A pill to cure eczema

A pill to cure eczema has been approved by NICE, the UK National Institute for Health and Care Excellence The pill stops the immune system from using inflammation in eczema. The press has heralded it as brilliant news for everyone with eczema.

Or is it? As with actual eczema, when you look a bit deeper the complications arise. These are the sorts of things they don’t tell you; the sort of details we like to reveal.

  1. There are actually three drugs, two are taken orally and one is injectable.
  1. NICE have not approved the drugs being discussed in the press. They intend to but they have not done so yet and they are very specific about that. Even though I have access to the final draft I will avoid quoting a report which is confidential until published.
  1. All three drugs are only for patients with moderate or severe eczema which means having eczema over 10% or more of their skin. Therefore the vast majority of eczema sufferers and not included.
  1. None of the drugs will be approved for children under 12 years of age. So the huge number of babies and young children who suffer from eczema are not included.
  1. The side-effects of the drugs revealed in the NICE report can not be quoted until the report is published. However you can see the side-effects on the company websites if you are a medical professional. The drugs work by reducing the capacity of the immune system so immune response will be reduced. One site says a very common adverse reaction is upper respiratory tract infections. They stress there have been reports of serious infections. Do you agree with me that is a significant issue during the current COVID pandemic?
  1. All JAK inhibitor drugs, including the two pills being discussed, are currently subject to a European Medicines Agency safety review. This is because of a potential class effect of increased risk of major cardiovascular events and higher risk of developing cancer.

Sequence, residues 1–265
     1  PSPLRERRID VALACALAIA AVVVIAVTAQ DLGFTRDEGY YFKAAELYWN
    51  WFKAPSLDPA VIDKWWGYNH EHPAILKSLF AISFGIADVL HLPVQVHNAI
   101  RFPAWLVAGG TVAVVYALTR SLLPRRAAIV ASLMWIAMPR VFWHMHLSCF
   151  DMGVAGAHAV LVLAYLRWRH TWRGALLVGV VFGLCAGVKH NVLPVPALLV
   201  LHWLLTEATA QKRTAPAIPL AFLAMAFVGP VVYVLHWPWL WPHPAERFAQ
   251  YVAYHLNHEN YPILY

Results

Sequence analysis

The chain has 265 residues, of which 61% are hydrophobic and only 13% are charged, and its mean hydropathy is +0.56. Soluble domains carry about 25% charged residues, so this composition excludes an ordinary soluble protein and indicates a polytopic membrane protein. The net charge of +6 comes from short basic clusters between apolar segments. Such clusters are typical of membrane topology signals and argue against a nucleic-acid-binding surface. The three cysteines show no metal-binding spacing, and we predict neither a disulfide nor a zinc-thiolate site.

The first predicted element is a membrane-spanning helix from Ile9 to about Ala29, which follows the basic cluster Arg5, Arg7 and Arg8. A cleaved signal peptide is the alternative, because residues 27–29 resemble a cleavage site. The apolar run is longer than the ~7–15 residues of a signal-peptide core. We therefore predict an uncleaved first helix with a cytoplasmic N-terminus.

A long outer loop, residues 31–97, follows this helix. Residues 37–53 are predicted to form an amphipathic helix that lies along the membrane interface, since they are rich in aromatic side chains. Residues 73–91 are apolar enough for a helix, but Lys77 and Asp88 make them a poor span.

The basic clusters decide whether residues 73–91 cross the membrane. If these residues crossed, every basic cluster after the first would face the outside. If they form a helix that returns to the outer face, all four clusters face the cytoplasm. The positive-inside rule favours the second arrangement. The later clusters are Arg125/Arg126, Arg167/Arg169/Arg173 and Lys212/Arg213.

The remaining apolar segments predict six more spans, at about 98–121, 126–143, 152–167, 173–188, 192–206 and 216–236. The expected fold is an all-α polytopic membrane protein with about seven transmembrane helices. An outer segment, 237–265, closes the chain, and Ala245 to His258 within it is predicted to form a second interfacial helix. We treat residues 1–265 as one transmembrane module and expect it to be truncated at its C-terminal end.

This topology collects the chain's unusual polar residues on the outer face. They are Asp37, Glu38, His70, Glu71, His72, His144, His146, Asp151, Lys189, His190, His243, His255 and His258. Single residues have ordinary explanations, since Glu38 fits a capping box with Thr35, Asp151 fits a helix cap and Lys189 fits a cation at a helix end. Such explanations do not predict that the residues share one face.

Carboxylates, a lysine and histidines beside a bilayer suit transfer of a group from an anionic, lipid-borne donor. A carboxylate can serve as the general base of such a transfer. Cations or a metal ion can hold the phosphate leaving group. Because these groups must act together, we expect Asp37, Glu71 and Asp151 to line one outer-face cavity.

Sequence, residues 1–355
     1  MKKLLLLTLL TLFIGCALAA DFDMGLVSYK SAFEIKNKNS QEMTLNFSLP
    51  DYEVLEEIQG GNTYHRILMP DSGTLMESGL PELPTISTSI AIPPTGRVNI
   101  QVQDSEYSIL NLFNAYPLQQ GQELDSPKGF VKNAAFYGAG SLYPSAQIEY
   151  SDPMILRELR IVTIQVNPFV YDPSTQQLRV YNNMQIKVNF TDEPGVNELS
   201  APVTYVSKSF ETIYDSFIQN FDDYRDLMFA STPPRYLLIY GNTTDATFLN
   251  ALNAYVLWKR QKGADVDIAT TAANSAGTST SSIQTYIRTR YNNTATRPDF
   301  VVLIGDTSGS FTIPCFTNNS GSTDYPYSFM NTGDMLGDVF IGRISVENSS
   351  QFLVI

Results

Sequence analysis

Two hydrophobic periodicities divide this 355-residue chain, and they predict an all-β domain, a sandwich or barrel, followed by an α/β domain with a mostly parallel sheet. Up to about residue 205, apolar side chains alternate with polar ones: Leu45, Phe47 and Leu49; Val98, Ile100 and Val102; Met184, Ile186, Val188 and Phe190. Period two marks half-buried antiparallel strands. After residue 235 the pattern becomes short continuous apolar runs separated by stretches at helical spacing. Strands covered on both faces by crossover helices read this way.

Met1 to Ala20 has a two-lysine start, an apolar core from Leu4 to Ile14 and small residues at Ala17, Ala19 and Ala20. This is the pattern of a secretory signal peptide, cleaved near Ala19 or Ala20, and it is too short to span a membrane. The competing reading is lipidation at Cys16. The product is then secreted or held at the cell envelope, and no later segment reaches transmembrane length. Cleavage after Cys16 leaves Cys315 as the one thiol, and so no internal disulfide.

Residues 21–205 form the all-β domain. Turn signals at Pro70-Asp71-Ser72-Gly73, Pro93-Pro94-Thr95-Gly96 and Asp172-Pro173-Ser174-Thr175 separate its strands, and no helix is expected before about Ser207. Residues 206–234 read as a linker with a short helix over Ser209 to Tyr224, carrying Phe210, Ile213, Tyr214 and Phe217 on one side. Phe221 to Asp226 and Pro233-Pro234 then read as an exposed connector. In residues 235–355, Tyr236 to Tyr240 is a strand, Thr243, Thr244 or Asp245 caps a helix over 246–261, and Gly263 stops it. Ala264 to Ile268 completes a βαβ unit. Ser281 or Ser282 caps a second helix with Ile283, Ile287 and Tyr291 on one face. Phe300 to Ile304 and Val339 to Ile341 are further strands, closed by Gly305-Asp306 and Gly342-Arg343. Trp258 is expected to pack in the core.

Are the press and companies playing with your mind? The press have made this a good news story and as is often the case they’ve left out the important parts. The drug companies have their own reason to say it’s good news and NICE will do what they are tasked to do.  All three drugs will be approved soon.

Now for the big question. Why would anyone want to stop the immune system reacting in atopic eczema? That inflammation is there to protect the person from products being applied to the skin. In addition to stopping the protective immune response they are adding new threats of severe respiratory tract infections, major cardiovascular events and high risks of developing cancer. 

Something is very wrong here. I argue that the way to address atopic eczema is for people to learn now to explain eczema. They learn what is causing the irritation reaction they’ve always known as eczema. As soon as they know the cause they gain the choice of doing more of the same and achieving more eczema, or doing something different and watching the skin heal itself.

We do not cure their eczema and neither do they. They are cured of the mindset that eczema must go on and on. If they choose to continue maintaining eczema they are allowed to. If they prefer to watch their skin heal itself that is now an available choice.

So what is the purpose of these new, powerful and hazardous drugs? If you feel one answer is drug company profits then you have a fair point. I certainly fail to see any other reason when reducing the immune response in eczema is precisely what you do not want to do. Sadly the money going to those company profits will come out of NHS resources at the very time when the country can least afford it. And who do you think will have to pay the bill when any or all of the side-effects affect eczema patients treated with the drugs? It certainly won’t be the drug companies.

If you are ready for a change in mindset please visit our EXplain eczema page ……….

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